To close these gaps, high-quality, affordable buses and trains are a critical part of the equation. Mass transit connects women to better-paying jobs, educational opportunities, and health care; it reduces harmful emissions in neighborhoods already hard-hit by road and industrial pollution (areas that aredisproportionately neighborhoods of color). Using public transportation requires no license or identification and the price of admission is lower than any other form of transportation, especially when you add infrastructure for walking and biking into the mix.

Spending public dollars on these forms of connection pays off, for women and for everyone: The American Public Transportation Association estimates that every $1 invested in public transportation generates $4 in economic returns, and that every $1 billion invested bolsters and creates more than 50,000 jobs.

The benefits and liberation that transit offers many women are accompanied by a certain uneasiness. Gender- and race-based harassment is egregiously common on buses and trains. Undocumented women and Muslim women in particular are facing heightened stigma, scorn, and bodily risk in public settings, apparently as a result of President Trump’s racist campaign rhetoric. Shared spaces of any kind—including those contained by a moving car—must be entered with extra caution.

Yet very few transit agencies in the U.S. have tailored service to the specific needs of women, be they safety measures, route considerations, or even special seats for breastfeeding. And although voters in a few major cities voted to expand mass transit networks in November, the national trend in funding has been one of decline. The recession forced systems around the U.S. to eliminate routes, cut service hours, and ramp up fares. The insolvent Highway Trust Fund has already made federal transit subsidies increasingly scarce.

This is likely to get worse before it gets better. If President Trump’s first budget follows a Heritage Foundation roadmap for federal spending cuts, as the Hillreports it will, dramatic sums of annual federal support for transit could disappear—including $2.2 billion for major transit expansions, $510 million for community-centered transportation grants, and $153 million for the Washington, D.C., Metro, which is already grappling with a profound and dangerous budget crisis. We don’t know what Trump’s designated Secretary of Transportation, Elaine Chao, will make of the DOT’s budget, but she worked with the Heritage Foundation for years. And the Trump campaign’s $1 trillion infrastructure plan—if it ever sees the light of day in Congress—would barely boost transit investments, let alone in communities that need them most.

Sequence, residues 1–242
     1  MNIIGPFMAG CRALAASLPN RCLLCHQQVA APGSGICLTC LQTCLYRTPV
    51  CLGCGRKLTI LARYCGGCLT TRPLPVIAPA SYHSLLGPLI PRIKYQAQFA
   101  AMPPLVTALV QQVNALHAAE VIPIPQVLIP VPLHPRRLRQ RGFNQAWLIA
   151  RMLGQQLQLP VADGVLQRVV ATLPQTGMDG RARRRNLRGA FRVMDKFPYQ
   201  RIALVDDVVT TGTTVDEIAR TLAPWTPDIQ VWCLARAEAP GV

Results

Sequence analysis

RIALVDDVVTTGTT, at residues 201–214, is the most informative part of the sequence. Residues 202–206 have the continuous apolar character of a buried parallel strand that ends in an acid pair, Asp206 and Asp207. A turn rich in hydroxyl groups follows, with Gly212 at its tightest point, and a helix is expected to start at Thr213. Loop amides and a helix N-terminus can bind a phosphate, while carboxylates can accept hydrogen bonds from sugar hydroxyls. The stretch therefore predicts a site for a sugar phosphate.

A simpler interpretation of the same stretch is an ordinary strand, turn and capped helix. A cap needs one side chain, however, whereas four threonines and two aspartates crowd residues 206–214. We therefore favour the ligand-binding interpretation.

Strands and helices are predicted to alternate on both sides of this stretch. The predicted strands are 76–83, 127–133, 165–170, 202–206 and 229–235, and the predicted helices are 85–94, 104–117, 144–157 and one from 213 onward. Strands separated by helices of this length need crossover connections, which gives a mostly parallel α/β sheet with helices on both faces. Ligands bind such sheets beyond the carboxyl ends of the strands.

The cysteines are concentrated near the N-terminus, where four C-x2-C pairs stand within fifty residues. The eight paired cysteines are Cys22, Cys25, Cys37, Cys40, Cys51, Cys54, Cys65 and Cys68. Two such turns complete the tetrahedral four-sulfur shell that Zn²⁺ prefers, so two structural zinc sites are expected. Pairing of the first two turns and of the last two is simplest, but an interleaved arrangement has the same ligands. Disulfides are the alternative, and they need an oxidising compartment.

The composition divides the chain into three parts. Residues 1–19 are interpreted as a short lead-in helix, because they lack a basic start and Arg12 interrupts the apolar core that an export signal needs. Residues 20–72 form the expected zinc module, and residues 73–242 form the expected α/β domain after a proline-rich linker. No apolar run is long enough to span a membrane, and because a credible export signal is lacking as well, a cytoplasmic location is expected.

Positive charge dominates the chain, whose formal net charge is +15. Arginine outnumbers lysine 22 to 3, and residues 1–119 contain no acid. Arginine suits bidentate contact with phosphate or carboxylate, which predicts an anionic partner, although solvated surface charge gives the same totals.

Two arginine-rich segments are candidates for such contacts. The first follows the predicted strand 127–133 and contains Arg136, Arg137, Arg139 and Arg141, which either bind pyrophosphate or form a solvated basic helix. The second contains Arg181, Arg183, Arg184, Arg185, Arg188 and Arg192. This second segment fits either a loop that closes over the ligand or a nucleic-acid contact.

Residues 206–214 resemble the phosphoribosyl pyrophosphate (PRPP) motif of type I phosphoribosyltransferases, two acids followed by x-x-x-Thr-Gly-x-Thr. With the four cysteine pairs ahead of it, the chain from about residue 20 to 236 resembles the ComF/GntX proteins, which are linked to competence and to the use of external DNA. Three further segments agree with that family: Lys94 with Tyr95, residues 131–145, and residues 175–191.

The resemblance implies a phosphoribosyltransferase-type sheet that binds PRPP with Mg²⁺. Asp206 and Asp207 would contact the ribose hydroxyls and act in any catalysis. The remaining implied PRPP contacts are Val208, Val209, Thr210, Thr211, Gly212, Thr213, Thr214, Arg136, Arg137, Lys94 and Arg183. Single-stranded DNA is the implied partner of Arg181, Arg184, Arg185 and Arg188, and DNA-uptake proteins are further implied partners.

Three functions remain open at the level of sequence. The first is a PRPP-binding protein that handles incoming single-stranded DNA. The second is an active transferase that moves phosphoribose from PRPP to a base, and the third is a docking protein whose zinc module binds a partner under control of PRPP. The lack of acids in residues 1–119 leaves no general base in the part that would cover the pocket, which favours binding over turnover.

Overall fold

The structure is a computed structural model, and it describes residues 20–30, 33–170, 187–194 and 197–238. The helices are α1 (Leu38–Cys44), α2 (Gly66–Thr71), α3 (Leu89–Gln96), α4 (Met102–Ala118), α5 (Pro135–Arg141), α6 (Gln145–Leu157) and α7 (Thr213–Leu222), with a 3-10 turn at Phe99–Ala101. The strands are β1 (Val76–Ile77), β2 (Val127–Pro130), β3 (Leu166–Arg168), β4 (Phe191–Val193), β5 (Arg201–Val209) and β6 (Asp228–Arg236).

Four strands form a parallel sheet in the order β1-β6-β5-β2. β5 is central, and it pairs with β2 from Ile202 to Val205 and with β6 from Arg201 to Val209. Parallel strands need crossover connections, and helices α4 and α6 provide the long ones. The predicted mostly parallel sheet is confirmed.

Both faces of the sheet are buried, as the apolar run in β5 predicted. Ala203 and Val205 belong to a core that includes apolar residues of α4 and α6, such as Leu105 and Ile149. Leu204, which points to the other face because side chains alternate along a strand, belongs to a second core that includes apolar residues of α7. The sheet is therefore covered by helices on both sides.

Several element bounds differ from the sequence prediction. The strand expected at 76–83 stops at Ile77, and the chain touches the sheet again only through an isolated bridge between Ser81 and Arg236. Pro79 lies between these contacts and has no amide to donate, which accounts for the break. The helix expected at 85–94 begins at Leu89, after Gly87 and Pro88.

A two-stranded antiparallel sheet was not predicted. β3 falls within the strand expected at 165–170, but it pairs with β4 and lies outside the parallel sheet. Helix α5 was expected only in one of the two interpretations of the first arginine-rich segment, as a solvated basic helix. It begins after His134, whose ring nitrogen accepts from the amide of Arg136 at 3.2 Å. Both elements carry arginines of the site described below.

Like the economy, climate change, immigration, and health care, public transportation is an issue that affects and belongs to women as much as (if not more than) anyone else. And it is ripe for a groundswell of intersectional feminist support: the kind of feminism that recognizes the divergent experiences of women of color—and queer women, trans women, Muslim women, women with disabilities, immigrant women—and fights for all, even when the stakes are lower for some.

After all, women may be over-represented in transit statistics, but most American women, and especially white women, still drive cars to get around. Thinking and voting selfishly when it comes to public transportation might save them some tax dollars, but it does an injustice to their neighbors. And it hurts everyone in the end, by worsening congestion, stifling economic growth, and stunting public health.

Failing to support public transportation will also hurt the next time 600,000 souls flood the National Mall to resist a president voted into office by denigrating women and threatening their rights. How many protest songs and peanut M&M’s will marchers need as they wait for a subway that’s virtually unfunded? And how many women of color will be shaking their heads?